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Home In Media Gadget News Wearable Detects Coronavirus Cough

Wearable Detects Coronavirus Cough

Chicago researchers have developed a new wearable device that can track a person’s coronavirus symptoms, potentially alerting health authorities of new cases before patients fall ill.

The small, soft patch adheres to a person’s throat and can monitor a person’s cough, body temperature, heart rate and breathing patterns, among other measurements. It transmits the data to what the developers have called a “HIPAA (Health Insurance Portability and Accountability Act )-protected cloud” for monitoring.

Researchers said the device could be used to detect COVID-19 symptoms from home, identifying sick patients before they ever need a visit to the doctor or hospital.

“These sensors have the potential to unlock information that will protect frontline medical workers and patients alike — informing interventions in a timely manner to reduce the risk of transmission and increase the likelihood of better outcomes,” said Arun Jayaraman, the research scientist at Shirley Ryan AbilityLab who led the algorithm development.

“This opens up new telemedicine strategies, as we won’t have to bring in patients for monitoring,” Jayaraman said. “Physicians can potentially review the patients’ data for hours, days, or weeks immediately, through a customized graphical user interface to a cloud data management system that is being set up for this purpose, to see an overall image of how the patient is doing.”

Experts said the device was developed to sit at a place on the body — the dip in a person’s throat called the suprasternal notch — where it can track the maximum number of COVID-19 symptoms at once.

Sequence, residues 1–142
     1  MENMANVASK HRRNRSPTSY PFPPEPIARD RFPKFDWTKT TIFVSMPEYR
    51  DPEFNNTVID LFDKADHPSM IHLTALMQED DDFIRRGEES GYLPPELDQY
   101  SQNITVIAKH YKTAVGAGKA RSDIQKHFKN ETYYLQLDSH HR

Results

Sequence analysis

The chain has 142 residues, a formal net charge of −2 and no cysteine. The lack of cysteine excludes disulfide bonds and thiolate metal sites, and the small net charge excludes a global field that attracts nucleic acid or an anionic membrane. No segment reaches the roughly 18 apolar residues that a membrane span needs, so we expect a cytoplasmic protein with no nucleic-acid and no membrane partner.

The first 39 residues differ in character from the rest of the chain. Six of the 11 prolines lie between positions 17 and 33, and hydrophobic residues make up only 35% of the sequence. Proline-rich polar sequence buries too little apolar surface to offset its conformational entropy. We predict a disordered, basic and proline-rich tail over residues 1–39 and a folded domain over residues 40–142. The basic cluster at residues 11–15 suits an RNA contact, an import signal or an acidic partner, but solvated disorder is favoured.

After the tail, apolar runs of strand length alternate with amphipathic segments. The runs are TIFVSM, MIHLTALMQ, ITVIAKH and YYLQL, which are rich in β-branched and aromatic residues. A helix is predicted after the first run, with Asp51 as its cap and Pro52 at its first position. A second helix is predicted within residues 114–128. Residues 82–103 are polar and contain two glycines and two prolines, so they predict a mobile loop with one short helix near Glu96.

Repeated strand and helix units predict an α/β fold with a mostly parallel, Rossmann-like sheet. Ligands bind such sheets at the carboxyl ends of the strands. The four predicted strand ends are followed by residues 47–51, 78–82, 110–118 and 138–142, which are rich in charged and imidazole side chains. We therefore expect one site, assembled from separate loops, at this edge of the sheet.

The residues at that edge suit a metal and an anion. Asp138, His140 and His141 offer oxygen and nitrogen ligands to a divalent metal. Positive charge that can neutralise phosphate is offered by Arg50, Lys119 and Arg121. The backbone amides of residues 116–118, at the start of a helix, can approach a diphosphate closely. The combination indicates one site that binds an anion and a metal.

“Nobody has ever collected this type of data before,” said John A. Rogers, a faculty expert at Northwestern University’s Robert R. McCormick School of Engineering and Applied Science who led the technology development, in the press release. “Earlier detection is always better … for patients who have contracted the disease … the data [is] a mechanism to track the progression and/or the effects of treatments.”

Researchers said they are already making dozens of the devices each week at an in-house production facility in Chicago, and are working to expand deployment of these trackers through a third party that specializes in medical distribution.

David Novakhttps://www.gadgetgram.com
For the last 20 years, David Novak has appeared in newspapers, magazines, radio, and TV around the world, reviewing the latest in consumer technology.His byline has appeared in Popular Science, PC Magazine, USA Today, The Wall Street Journal, Electronic House Magazine, GQ, Men’s Journal, National Geographic, Newsweek, Popular Mechanics, Forbes Technology, Readers Digest, Cosmopolitan Magazine, Glamour Magazine, T3 Technology Magazine, Stuff Magazine, Maxim Magazine, Wired Magazine, Laptop Magazine, Indianapolis Monthly, Indiana Business Journal, Better Homes and Garden, CNET, Engadget, InfoWorld, Information Week, Yahoo Technology and Mobile Magazine. He has also made radio appearances on the The Mark Levin Radio Show, The Laura Ingraham Talk Show, Bob & Tom Show, and the Paul Harvey RadioShow. He’s also made TV appearances on The Today Show and The CBS Morning Show.His nationally syndicated newspaper column called the GadgetGUY, appears in over 100 newspapers around the world each week, where Novak enjoys over 3 million in readership. David is also a contributing writer fro Men’s Journal, GQ, Popular Mechanics, T3 Magazine and Electronic House here in the U.S.

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